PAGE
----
The ACT transport methodology covers the rail, road, water and air transport for passengers and freight. It focuses on quantitative indicators using gCO2e/p.km or gCO2e/t.km metrics and share of low carbon vehicles for example. Other qualitative indicators (in the Management, Suppliers, Clients, Policy Engagement and Business Model modules) are also considered due to the complexity and economic importance of the sector, its changing business models, and the significance of these when considering the low carbon alignment of the transport sector.

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SECT_OilGas
ACT Oil & Gas
Fossil fuel combustion releases carbon dioxide (CO2) and is the principal source of anthropogenic GHG emissions worldwide. The large majority of the total GHG emissions (around 80% along the Oil & Gas value chain) induced by Oil and Gas companies take place in the downstream segment during the combustion of sold products for final energy use. The Oil & Gas sector encompass a large variety of actors within upstream (exploration and production), midstream (refining activities) and downstream (distribution and retail). Integrated companies are also numerous. This methodology consequently considers the issues addressed along the entire value chain of O&G operations. Points of attention and their respective weightings in ACT rating varies depending on the company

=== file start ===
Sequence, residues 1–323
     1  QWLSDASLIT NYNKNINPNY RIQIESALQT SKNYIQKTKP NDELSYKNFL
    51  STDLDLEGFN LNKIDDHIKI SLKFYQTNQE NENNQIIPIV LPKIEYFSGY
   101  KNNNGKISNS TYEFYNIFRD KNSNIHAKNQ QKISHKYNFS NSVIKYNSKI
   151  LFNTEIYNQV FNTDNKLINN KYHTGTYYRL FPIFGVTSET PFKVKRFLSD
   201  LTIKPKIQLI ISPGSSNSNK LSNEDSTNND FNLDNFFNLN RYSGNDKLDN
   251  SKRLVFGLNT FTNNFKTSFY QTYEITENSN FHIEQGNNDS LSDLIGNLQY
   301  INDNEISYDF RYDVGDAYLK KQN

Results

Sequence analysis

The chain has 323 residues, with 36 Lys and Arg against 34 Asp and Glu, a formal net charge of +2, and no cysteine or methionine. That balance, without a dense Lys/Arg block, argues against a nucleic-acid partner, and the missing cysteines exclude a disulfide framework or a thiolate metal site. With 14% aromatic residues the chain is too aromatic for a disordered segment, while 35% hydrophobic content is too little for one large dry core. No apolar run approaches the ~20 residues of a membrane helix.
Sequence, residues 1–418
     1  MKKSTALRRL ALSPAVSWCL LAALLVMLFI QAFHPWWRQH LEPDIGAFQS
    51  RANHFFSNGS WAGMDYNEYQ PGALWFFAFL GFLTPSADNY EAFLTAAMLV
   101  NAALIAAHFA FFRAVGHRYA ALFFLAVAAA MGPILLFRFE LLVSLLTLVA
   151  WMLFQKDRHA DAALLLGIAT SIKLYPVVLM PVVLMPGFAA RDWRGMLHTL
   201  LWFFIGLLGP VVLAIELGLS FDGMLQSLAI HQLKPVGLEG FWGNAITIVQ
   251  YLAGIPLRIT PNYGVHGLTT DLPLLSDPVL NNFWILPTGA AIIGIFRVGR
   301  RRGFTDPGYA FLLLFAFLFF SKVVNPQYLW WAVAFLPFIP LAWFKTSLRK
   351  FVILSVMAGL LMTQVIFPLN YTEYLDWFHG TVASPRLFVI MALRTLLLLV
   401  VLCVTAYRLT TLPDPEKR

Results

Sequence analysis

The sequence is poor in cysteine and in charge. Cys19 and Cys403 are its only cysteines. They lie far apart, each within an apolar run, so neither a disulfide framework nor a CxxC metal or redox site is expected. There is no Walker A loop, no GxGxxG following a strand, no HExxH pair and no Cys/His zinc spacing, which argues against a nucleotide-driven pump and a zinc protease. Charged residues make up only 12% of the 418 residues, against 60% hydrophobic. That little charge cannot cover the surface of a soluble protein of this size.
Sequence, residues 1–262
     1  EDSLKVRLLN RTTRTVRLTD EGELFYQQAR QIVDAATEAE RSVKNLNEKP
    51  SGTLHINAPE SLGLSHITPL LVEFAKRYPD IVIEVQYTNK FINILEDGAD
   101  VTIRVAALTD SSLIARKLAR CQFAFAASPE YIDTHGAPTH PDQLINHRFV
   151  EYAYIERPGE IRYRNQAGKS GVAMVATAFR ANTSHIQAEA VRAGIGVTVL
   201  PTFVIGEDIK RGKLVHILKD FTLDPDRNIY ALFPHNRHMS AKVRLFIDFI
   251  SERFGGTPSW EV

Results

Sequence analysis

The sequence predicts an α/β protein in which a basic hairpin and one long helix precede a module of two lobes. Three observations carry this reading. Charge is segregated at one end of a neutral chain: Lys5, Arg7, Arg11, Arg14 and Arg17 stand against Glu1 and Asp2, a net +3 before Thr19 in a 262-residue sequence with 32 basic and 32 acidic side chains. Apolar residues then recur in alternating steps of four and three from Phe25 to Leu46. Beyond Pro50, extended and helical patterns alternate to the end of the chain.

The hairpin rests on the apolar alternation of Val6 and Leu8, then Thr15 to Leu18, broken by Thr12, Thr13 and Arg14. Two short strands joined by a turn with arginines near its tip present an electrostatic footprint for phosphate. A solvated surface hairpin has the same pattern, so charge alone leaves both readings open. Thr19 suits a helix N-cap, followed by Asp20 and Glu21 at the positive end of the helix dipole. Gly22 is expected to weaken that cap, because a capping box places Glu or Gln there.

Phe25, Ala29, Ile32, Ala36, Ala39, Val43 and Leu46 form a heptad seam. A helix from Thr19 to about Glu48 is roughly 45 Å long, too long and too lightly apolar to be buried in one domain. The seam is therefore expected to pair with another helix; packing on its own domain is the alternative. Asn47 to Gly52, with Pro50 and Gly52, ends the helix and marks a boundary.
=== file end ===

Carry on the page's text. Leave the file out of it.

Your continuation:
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SECT_Building
ACT Building

This present document introduces the ACT construction methodology. Particular emphasis will be placed on the GHG emissions released during the construction phase (including raw materials) and operational emissions caused by the building use, which represents from 43% to 58% of total emissions over a new building’s lifetime [4]. More recent French data (2017-20192) show that GHG emissions from in-use energy, considering all end-uses, represent 50% or less of the total GHG emissions of the building life cycle. The assessment methodology also considers factors such as: market share of low-carbon buildings, R&D expenses in Climate Change Mitigation Technologies as well as low carbon transition plan.

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SECT_RealEstate
ACT Real Estate